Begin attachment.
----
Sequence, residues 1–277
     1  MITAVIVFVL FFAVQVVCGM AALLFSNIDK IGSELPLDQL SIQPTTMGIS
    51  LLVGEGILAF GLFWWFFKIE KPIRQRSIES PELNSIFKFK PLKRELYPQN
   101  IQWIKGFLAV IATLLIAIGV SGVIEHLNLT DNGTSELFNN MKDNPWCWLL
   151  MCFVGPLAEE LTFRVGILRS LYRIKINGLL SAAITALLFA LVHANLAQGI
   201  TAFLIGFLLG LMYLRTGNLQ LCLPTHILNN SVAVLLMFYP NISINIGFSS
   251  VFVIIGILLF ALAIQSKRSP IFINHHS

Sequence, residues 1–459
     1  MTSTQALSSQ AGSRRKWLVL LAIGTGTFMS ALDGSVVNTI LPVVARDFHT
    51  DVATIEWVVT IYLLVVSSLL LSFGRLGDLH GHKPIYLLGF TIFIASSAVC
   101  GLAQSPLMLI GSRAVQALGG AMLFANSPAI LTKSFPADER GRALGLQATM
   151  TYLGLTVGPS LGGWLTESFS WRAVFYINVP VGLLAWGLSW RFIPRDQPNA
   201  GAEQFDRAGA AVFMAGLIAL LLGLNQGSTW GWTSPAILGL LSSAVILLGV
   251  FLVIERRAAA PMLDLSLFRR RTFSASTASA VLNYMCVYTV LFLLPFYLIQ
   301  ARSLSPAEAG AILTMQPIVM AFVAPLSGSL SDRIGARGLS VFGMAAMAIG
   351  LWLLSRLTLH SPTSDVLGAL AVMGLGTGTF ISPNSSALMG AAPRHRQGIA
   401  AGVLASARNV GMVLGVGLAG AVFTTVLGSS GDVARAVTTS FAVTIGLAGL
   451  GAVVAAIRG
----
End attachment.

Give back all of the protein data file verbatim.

Sequence, residues 1–277
     1  MITAVIVFVL FFAVQVVCGM AALLFSNIDK IGSELPLDQL SIQPTTMGIS
    51  LLVGEGILAF GLFWWFFKIE KPIRQRSIES PELNSIFKFK PLKRELYPQN
   101  IQWIKGFLAV IATLLIAIGV SGVIEHLNLT DNGTSELFNN MKDNPWCWLL
   151  MCFVGPLAEE LTFRVGILRS LYRIKINGLL SAAITALLFA LVHANLAQGI
   201  TAFLIGFLLG LMYLRTGNLQ LCLPTHILNN SVAVLLMFYP NISINIGFSS
   251  VFVIIGILLF ALAIQSKRSP IFINHHS

Sequence, residues 1–459
     1  MTSTQALSSQ AGSRRKWLVL LAIGTGTFMS ALDGSVVNTI LPVVARDFHT
    51  DVATIEWVVT IYLLVVSSLL LSFGRLGDLH GHKPIYLLGF TIFIASSAVC
   101  GLAQSPLMLI GSRAVQALGG AMLFANSPAI LTKSFPADER GRALGLQATM
   151  TYLGLTVGPS LGGWLTESFS WRAVFYINVP VGLLAWGLSW RFIPRDQPNA
   201  GAEQFDRAGA AVFMAGLIAL LLGLNQGSTW GWTSPAILGL LSSAVILLGV
   251  FLVIERRAAA PMLDLSLFRR RTFSASTASA VLNYMCVYTV LFLLPFYLIQ
   301  ARSLSPAEAG AILTMQPIVM AFVAPLSGSL SDRIGARGLS VFGMAAMAIG
   351  LWLLSRLTLH SPTSDVLGAL AVMGLGTGTF ISPNSSALMG AAPRHRQGIA
   401  AGVLASARNV GMVLGVGLAG AVFTTVLGSS GDVARAVTTS FAVTIGLAGL
   451  GAVVAAIRG